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Metabolic Syndrome: Losing Excess Weight
Metabolic syndrome is a set of 5 health factors that can lead to serious health problems. The factors greatly increase your risk for diabetes, heart attack, or stroke. Extra weight with a large waist is one of the factors for metabolic syndrome. Being overweight or obese means that you weigh too much for what is healthy for your height. A large waist size is 40 inches or more for men, and 35 inches or more for women. But you can take steps to lose weight and lower your risk for serious health problems.
Benefits of weight loss
Even with a small weight loss, you may have more energy and feel better. Losing even a small amount of weight can affect your blood pressure, triglycerides, HDL cholesterol, and blood sugar. You may be able to take less medicine for blood pressure, cholesterol, or blood sugar. Or you may be able to stop taking medicine. As you lose weight, your risk for diabetes, heart attack, and stroke will get lower.
Ask your healthcare provider for a referral to a lifestyle intervention program. This program will help you get to and stay at a 7% weight loss and increase physical activity.
The best way to lose weight is to do it slowly. For example, lose 1/2 pound to 1 pound (0.25 kg to 0.45 kg) a week. You will need to be more active and eat healthier foods. Make sure to:
Exercise every day. Talk with your healthcare provider to make sure it is safe for you to exercise. Make sure you start slowly. Begin with 10 to 15 minutes of activity. Try to exercise or be active for at least 30 minutes most days of the week. You can exercise all at once or break it up into 10- or 15-minute sessions. And think about other ways you can be more active during the day.
Eat healthy foods. Most successful dieters make changes in what, when, and how much they eat. The best way to lose weight is to eat fewer calories. Check your portion sizes, eat breakfast, plan your meals and snacks, and eat slowly.
Working with your healthcare provider
Not all healthcare providers are comfortable talking with patients about their weight. Find a provider who is patient and supportive. Such a provider can guide you through the process of losing weight. As you begin to make changes, your provider will:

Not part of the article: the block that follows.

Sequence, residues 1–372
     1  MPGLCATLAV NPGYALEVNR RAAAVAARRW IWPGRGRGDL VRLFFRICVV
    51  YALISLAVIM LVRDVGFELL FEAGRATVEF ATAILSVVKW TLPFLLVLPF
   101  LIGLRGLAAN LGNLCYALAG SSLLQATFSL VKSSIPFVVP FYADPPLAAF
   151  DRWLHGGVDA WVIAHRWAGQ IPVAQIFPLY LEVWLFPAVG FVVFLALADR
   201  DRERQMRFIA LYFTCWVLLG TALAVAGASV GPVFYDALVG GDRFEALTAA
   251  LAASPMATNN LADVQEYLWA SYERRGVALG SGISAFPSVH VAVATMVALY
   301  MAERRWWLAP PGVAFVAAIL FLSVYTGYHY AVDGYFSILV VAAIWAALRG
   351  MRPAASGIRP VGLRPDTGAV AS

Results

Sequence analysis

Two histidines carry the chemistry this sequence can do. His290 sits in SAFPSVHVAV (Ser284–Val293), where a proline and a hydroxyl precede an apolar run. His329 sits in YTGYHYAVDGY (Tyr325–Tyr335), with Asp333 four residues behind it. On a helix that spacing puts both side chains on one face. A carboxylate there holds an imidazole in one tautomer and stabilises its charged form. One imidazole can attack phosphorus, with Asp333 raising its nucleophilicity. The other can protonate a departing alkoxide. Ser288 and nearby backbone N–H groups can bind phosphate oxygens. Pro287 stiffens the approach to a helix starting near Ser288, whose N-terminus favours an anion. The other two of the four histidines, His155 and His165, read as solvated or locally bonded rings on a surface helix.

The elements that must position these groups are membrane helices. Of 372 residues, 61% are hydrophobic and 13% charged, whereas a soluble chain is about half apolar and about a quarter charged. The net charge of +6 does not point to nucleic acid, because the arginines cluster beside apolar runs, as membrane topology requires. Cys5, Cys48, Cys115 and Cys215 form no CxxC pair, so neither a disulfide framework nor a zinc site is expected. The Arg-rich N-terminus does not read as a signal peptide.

Check your weight loss progress
Check your blood pressure and blood test results
Talk with you about your results
Make suggestions about diet and exercise
Advise other experts or programs to help you
Make changes to your medicines and help with any side effects
Getting additional support
It can be hard to make healthy lifestyle changes. It may take some time to create new habits and see results from all of your work. Your healthcare provider may suggest other experts or programs to help you, such as:
Health coach. A health coach gives ongoing support. He or she makes suggestions to help you with healthy lifestyle changes, like weight loss.
Weight-loss programs. There are many safe weight-loss programs. Some are free or low-cost.
Dietitian. He or she can help you make changes to your diet.
Exercise specialist. He or she can help you with an exercise plan.
Occupational therapist. He or she can help you make lifestyle changes to help you lose weight more effectively, particularly if you already have health issues or complications.
Counselor. A counselor can help you deal with your feelings and emotions. There are psychiatrists, psychologists, and social workers who specialize in weight problems.
Bariatric or obesity specialist. These healthcare providers are experts in obesity. They can help with diet, exercise, behavioral therapy or counseling, medicines for weight loss, and very low-calorie diets.
Bariatric surgeon. Weight-loss surgery may be a choice. But it is only advised for people who are over a certain weight, who have health problems because of their weight, and who have not been able to lose weight with other treatments.
Keeping the weight off
Staying at a healthy weight is a life-long commitment. After losing weight, keeping it off can be a challenge. Don’t give up. Make sure to:
Keep exercising. That means at least 30 to 60 minutes most days of the week. Do activities you enjoy. And try different types of exercise to stay motivated.
Keep eating healthy foods. Keep eating foods that are healthy. Stay away from those that aren’t.
If you gain back weight, don't be tricked into quick weight-loss schemes. Successful weight-loss programs focus on overall health and long-term weight management. Slow and steady weight loss (1/2 to 2 pounds per week, or 0.25 kg to 0.9 kg) is the goal. If you need ongoing weight management support, talk with your healthcare provider about options.
Stay motivated. Watch your health improve. If you eat something unhealthy or skip exercising, don’t give up. Just make your next choice a healthy one. Find a partner or group to exercise with. You can keep each other motivated.
Online Medical Reviewer:
Marianne Fraser MSN RN
Online Medical Reviewer:
Raymond Kent Turley BSN MSN RN
Online Medical Reviewer:
Robert Hurd MD
Date Last Reviewed:
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